Adverse childhood experiences and mental health in young adults: a longitudinal survey
1 Institute for Public Health Research, University of Connecticut, 99 Ash Street, East Hartford, Connecticut, 06108 USA
2 Division of Behavioral Sciences and Community Health, University of Connecticut Health Center, 263 Farmington Road, Farmington, Connecticut 06030-3910, USA
3 Department of Sociology, University of Massachusetts–Boston, 100 Morrissey Boulevard, Boston, Massachusetts 02125, USA
BMC Public Health 2007, 7:30 doi:10.1186/1471-2458-7-30Published: 7 March 2007
Adverse childhood experiences (ACEs) have been consistently linked to psychiatric difficulties in children and adults. However, the long-term effects of ACEs on mental health during the early adult years have been understudied. In addition, many studies are methodologically limited by use of non-representative samples, and few studies have investigated gender and racial differences. The current study relates self-reported lifetime exposure to a range of ACEs in a community sample of high school seniors to three mental health outcomes–depressive symptoms, drug abuse, and antisocial behavior–two years later during the transition to adulthood.
The study has a two-wave, prospective design. A systematic probability sample of high school seniors (N = 1093) was taken from communities of diverse socioeconomic status. They were interviewed in person in 1998 and over the telephone two years later. Gender and racial differences in ACE prevalence were tested with chi-square tests. Each mental health outcome was regressed on one ACE, controlling for gender, race/ethnicity, and SES to obtain partially standardized regression coefficients.
Most ACEs were strongly associated with all three outcomes. The cumulative effect of ACEs was significant and of similar magnitude for all three outcomes. Except for sex abuse/assault, significant gender differences in the effects of single ACEs on depression and drug use were not observed. However, boys who experienced ACEs were more likely to engage in antisocial behavior early in young adulthood than girls who experienced similar ACEs. Where racial/ethnic differences existed, the adverse mental health impact of ACEs on Whites was consistently greater than on Blacks and Hispanics.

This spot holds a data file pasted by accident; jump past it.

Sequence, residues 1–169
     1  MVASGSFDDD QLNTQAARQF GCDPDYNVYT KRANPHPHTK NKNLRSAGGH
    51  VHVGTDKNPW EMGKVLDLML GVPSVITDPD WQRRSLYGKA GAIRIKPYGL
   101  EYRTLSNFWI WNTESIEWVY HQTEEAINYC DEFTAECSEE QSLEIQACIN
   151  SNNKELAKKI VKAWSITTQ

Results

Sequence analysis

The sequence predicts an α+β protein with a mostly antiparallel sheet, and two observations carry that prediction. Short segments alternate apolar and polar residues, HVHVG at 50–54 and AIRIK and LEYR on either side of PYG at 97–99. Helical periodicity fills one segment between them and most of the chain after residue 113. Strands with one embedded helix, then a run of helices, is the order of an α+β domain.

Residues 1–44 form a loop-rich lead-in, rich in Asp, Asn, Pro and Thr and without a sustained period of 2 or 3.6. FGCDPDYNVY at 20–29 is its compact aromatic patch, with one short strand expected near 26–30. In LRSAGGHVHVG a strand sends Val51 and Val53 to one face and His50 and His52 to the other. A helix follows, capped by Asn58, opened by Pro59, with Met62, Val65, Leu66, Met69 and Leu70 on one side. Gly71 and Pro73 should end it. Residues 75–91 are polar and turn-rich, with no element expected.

Our sample of young adults from urban, socio-economically disadvantaged communities reported high rates of adverse childhood experiences. The public health impact of childhood adversity is evident in the very strong association between childhood adversity and depressive symptoms, antisocial behavior, and drug use during the early transition to adulthood. These findings, coupled with evidence that the impact of major childhood adversities persists well into adulthood, indicate the critical need for prevention and intervention strategies targeting early adverse experiences and their mental health consequences.